As you'll know if you have read the admin generator chapter of the Symfony book, to set up "custom" filters that have a unique presentation but ordinary criteria, all you have to do at that point is write a templates/_categories.php partial that presents the filter's UI in the desired way, which I'll present later.

But when the criteria are also unique, things start to get interesting.

Extending an admin generator class: part 1

You can add custom criteria for your "nontrivial" filter by overriding addFiltersCriteria in your subclass of the admin generator class. If you are using the admin generator to manage release objects in your backend app, then you'll add the necessary method to apps/backend/modules/releases/actions/actions.php. That file looks like this to start with:

class releasesActions extends autoreleasesActions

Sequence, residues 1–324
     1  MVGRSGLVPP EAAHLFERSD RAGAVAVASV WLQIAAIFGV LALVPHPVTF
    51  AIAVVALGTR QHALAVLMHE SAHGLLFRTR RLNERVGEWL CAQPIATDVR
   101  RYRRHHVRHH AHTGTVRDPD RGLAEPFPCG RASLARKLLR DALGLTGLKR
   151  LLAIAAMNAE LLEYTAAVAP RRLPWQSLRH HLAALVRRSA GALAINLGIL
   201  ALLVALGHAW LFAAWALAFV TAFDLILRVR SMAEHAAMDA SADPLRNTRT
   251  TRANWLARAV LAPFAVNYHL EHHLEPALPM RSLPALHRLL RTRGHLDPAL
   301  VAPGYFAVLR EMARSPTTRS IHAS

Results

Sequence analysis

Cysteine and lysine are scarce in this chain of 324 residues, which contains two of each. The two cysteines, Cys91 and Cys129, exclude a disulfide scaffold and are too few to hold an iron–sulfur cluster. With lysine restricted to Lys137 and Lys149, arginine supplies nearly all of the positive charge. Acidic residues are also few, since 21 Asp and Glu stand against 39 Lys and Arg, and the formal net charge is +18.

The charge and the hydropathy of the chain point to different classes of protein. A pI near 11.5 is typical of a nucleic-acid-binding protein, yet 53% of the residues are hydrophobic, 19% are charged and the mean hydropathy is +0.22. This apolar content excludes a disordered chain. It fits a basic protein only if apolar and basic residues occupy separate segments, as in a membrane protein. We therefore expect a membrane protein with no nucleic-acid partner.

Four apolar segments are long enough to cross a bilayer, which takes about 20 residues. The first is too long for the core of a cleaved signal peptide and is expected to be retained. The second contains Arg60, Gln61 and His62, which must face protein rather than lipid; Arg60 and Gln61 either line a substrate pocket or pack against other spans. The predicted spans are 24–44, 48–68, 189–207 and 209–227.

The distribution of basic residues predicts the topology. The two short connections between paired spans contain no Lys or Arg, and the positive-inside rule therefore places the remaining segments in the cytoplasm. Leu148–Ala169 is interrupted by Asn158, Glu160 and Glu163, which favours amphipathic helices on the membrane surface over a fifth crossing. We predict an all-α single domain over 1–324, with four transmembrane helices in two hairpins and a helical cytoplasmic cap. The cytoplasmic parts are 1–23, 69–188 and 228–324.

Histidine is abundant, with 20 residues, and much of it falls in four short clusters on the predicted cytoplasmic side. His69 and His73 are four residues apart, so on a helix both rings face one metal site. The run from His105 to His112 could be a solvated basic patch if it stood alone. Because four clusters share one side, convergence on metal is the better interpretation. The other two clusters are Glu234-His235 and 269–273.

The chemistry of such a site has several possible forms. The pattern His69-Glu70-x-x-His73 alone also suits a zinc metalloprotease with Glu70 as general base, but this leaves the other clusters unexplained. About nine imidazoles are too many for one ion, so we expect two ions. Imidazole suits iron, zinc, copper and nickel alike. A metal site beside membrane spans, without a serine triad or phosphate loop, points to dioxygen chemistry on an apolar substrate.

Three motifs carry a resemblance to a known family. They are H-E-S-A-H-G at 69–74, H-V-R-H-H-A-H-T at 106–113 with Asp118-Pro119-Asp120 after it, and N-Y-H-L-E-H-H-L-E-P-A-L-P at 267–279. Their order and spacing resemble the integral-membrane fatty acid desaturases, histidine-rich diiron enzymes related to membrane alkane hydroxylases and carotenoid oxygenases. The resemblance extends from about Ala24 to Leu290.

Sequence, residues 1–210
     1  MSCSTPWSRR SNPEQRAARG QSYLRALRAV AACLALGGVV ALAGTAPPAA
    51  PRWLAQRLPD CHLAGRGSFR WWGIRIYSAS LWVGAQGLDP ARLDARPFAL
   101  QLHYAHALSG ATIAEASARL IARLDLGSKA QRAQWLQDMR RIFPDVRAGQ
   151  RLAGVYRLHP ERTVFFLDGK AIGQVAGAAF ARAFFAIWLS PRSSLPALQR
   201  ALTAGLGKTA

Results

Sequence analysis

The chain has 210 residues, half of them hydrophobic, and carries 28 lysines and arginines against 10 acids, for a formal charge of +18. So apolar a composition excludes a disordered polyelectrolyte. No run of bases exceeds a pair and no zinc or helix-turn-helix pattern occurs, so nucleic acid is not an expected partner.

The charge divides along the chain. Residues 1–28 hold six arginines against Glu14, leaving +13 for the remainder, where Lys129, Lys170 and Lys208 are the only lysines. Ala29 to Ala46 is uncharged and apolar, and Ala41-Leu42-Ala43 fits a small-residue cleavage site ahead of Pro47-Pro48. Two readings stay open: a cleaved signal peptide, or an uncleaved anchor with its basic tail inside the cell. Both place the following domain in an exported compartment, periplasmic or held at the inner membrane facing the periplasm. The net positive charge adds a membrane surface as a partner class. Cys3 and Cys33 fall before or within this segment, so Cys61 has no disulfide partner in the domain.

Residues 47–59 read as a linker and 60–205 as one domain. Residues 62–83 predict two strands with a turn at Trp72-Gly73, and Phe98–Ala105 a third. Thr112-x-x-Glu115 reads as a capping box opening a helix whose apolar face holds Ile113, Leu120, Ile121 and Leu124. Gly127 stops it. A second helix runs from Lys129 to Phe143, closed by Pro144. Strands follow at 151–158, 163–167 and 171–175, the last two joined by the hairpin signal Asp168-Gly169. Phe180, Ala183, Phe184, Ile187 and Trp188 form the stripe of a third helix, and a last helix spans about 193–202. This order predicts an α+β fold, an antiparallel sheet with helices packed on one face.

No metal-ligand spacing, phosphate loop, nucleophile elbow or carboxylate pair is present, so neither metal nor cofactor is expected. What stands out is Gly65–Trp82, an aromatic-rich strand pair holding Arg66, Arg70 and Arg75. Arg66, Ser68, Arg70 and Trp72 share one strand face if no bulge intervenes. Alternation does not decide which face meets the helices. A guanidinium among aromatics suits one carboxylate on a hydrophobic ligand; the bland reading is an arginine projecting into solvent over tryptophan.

// Initially empty so everything behaves as per normal in the admin generator

Adding your custom criteria isn't hard to do. Your extended version of addFiltersCriteria does it in the usual Propel way. For this example let's assume we have a separate ReleaseCategories? class, living in its own table. That means we can't just use the default criteria to implement the filter and we need to provide our own.

Writing the custom filter partial

Let's assume that you are outputting a set of checkboxes in your _categories.php partial to select different release categories to be visible in the filtered results. Keep in mind that in your custom filter partials you can take advantage of the $filters array to retrieve the user's existing filter settings, something the admin generator gives you for free: